In a capital case, a verdict to condemn must be by a majority of at least two. If the sanhedrin votes 12-11 to condemn they add a pair of judges and vote again, and keep doing this until they reach the full size of 71. This is all explained in chapter 5 of Sanhedrin.
We also learn in chapter 4 that, in a capital case, a judge who votes to convict can change his mind, but one who votes to acquit cannot -- once you acquit, your vote is locked in.
Against this backdrop we have the end of Sanhedrin 5:5:
If thirty-six acquit and thirty-five condemn, he is acquitted. But if thirty-six condemn and thirty-five acquit, the two sides debate the case together until one of those who condemn agrees with the view of those who are for acquittal.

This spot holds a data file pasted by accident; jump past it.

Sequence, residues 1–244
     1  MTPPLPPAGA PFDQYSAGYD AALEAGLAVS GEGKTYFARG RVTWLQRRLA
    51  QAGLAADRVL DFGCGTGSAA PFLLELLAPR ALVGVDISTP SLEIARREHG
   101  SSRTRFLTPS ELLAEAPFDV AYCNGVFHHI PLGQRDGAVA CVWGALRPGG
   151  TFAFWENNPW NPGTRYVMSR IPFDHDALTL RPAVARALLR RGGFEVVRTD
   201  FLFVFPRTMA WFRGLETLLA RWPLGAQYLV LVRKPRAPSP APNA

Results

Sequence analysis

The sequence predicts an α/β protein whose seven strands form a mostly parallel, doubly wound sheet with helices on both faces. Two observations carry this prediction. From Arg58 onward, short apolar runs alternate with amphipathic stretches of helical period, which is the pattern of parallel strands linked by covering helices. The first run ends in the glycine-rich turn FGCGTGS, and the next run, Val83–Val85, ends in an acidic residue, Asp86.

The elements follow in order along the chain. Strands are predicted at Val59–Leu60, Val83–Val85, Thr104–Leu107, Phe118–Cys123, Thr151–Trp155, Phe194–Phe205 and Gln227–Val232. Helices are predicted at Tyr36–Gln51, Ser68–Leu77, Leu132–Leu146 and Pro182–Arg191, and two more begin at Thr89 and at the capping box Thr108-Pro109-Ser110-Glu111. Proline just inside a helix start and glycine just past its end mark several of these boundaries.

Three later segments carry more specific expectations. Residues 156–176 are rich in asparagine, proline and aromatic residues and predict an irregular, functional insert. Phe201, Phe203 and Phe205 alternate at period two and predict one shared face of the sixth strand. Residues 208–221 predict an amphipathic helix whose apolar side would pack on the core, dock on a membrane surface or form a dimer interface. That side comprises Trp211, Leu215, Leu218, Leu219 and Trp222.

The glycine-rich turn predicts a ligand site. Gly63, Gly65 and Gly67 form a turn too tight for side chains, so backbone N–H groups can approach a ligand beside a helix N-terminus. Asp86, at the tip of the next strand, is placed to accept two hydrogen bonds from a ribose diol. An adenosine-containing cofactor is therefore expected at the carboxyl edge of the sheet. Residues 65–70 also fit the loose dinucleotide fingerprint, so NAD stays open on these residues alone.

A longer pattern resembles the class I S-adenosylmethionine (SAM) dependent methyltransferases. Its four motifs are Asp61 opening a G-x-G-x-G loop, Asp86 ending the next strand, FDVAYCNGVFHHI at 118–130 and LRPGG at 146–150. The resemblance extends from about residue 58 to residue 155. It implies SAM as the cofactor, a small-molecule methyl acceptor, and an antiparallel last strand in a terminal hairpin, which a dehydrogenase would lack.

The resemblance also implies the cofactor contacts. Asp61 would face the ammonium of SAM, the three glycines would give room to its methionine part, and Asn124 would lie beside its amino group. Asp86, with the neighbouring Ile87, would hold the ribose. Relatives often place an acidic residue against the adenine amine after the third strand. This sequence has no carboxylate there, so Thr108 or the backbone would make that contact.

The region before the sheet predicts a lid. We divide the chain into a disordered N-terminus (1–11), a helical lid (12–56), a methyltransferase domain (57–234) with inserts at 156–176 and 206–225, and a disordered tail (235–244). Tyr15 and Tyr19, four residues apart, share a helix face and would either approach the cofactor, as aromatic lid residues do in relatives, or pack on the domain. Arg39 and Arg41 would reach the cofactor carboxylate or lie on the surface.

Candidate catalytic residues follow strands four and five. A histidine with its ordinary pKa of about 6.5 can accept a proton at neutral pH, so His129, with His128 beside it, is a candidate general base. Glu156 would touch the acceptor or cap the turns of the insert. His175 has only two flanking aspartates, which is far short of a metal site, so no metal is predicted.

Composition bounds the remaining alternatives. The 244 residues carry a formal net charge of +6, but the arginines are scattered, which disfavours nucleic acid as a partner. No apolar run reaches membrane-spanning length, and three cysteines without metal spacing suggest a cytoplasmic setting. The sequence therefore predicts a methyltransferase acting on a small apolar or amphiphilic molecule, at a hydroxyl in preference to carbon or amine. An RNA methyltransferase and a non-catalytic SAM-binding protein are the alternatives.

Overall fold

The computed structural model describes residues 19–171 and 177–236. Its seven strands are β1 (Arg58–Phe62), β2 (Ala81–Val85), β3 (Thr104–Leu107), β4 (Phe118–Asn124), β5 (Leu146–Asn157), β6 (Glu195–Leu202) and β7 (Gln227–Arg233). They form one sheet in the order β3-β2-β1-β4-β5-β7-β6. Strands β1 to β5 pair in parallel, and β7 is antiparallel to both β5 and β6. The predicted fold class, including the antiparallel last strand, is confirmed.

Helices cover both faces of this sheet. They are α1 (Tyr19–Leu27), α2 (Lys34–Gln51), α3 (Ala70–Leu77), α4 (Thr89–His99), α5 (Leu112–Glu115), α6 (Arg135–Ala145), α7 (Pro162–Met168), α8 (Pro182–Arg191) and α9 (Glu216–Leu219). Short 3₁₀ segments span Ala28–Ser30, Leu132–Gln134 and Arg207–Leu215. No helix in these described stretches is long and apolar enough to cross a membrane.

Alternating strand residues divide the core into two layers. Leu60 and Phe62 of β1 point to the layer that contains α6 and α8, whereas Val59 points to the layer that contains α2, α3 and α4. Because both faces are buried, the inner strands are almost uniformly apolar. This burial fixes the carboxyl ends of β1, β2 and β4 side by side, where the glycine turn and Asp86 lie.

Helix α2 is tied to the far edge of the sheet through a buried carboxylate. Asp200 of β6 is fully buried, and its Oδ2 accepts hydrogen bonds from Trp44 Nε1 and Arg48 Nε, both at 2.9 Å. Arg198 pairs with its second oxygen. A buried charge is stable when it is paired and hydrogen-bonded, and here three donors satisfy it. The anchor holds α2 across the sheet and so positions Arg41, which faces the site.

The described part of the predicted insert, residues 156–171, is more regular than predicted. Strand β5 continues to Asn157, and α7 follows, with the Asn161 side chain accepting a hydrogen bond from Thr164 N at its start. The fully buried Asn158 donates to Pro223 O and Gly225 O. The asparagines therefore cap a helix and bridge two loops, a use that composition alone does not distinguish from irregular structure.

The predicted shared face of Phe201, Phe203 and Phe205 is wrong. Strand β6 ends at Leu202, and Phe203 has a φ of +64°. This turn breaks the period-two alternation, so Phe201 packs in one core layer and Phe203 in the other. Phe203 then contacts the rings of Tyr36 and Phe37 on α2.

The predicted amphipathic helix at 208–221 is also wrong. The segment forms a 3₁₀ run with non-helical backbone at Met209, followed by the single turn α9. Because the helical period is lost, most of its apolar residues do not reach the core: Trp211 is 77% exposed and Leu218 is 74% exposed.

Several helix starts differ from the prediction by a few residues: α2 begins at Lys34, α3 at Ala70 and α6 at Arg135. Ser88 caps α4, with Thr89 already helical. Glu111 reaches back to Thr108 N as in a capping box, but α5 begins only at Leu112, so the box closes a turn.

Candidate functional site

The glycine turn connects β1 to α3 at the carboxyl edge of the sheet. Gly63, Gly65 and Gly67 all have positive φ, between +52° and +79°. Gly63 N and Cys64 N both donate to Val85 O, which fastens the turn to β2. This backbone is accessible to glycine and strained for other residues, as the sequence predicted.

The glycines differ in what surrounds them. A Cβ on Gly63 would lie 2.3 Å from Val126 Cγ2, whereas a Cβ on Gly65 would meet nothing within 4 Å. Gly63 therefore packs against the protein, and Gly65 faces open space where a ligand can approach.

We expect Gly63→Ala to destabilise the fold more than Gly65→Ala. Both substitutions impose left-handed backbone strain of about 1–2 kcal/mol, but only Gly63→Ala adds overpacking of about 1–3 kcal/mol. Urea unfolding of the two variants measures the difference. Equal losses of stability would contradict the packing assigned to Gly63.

Why do they continue debating at this point? The court cannot increase beyond 71, 35 votes are locked in, and the other 36 are not enough to convict. The case cannot end in conviction at this point. But instead of acquitting on the spot they continue debate until one of those who voted to convict changes his mind and the accused is acquitted.
The conclusion is foregone; why drag it out? Is there some extra benefit, spiritual or societal, to a "full" acquittal over this "not a big-enough majority" acquittal?